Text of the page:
Do you? Really?
He argues that technology has reduced the cost of newsgathering, and that publishing is ‘as easy as a phonecall’. Quite right he is, until you begin to question the quality of what is produced. If something is published from a non reputable source, and instantly like you can get on the internet you could argue it was published as a spur of the moment. Putting together a newspaper takes time and money as we know, and at least with a paper you know its been researched for purpose, unlike the rise of citizen journalism. So yes production costs are reduced, but anyone who still wants to read quality news would be going somewhere to get it where it’s ‘newsgather-er’ gets paid.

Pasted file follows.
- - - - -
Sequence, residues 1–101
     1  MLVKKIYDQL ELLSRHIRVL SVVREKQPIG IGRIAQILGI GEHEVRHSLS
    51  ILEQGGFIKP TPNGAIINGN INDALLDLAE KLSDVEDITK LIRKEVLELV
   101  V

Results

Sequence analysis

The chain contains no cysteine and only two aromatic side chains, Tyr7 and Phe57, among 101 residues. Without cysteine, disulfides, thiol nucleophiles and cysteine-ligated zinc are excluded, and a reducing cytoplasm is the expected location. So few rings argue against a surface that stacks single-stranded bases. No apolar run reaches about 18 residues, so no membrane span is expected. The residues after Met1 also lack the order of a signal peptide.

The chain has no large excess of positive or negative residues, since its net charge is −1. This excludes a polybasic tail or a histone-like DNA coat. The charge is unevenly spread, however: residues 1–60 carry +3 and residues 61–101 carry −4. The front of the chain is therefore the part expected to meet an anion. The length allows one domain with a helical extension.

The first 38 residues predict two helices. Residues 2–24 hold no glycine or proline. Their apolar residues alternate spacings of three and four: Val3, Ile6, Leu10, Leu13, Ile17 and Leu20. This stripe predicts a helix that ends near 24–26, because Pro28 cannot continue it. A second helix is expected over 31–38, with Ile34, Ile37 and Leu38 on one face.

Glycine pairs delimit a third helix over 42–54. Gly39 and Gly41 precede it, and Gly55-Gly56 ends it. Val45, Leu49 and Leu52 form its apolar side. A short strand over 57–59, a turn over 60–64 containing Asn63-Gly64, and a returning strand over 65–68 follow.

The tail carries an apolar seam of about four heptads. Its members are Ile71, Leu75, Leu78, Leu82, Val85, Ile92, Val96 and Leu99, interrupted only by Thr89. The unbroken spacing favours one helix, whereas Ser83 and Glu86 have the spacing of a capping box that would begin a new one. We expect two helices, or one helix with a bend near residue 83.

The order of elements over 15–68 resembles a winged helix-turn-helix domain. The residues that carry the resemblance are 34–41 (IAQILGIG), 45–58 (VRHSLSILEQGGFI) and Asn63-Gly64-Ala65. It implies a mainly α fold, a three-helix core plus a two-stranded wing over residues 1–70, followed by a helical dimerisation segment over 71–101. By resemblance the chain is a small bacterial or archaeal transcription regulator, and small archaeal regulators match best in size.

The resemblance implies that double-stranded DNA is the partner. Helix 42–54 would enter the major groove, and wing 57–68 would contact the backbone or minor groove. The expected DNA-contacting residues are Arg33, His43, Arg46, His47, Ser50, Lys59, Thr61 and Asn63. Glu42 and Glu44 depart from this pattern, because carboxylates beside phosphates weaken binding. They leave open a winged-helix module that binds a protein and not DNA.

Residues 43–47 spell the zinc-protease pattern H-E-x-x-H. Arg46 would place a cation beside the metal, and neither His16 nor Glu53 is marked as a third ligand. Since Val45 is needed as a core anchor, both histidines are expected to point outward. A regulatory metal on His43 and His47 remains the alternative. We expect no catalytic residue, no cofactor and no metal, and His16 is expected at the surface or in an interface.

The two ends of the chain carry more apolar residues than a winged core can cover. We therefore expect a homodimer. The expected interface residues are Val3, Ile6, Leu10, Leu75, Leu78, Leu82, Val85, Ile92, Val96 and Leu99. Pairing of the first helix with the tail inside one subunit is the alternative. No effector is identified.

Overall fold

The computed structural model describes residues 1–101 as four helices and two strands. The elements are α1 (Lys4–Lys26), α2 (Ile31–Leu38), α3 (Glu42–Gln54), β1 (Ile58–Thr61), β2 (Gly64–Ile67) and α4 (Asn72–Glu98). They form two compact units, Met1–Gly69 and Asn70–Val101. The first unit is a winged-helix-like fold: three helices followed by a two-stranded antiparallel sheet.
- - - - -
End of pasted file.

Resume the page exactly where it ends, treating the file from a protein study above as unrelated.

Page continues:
Stating that specialist types of journalism, and in focus here reviews, are losing value I think is a bold statement to make. We all know Amazon offers book reviews and that you can find out how good the new Sting album is from iTunes, but you can’t expect quality. Anyone and everyone can update and comment on sites like these – so how correct can they be? Not to mention that the writer generally has no skill in the art of reviews. I’d take Paul into the ring on this one on the basis that the majority of people would go to reputable places for this kind of information.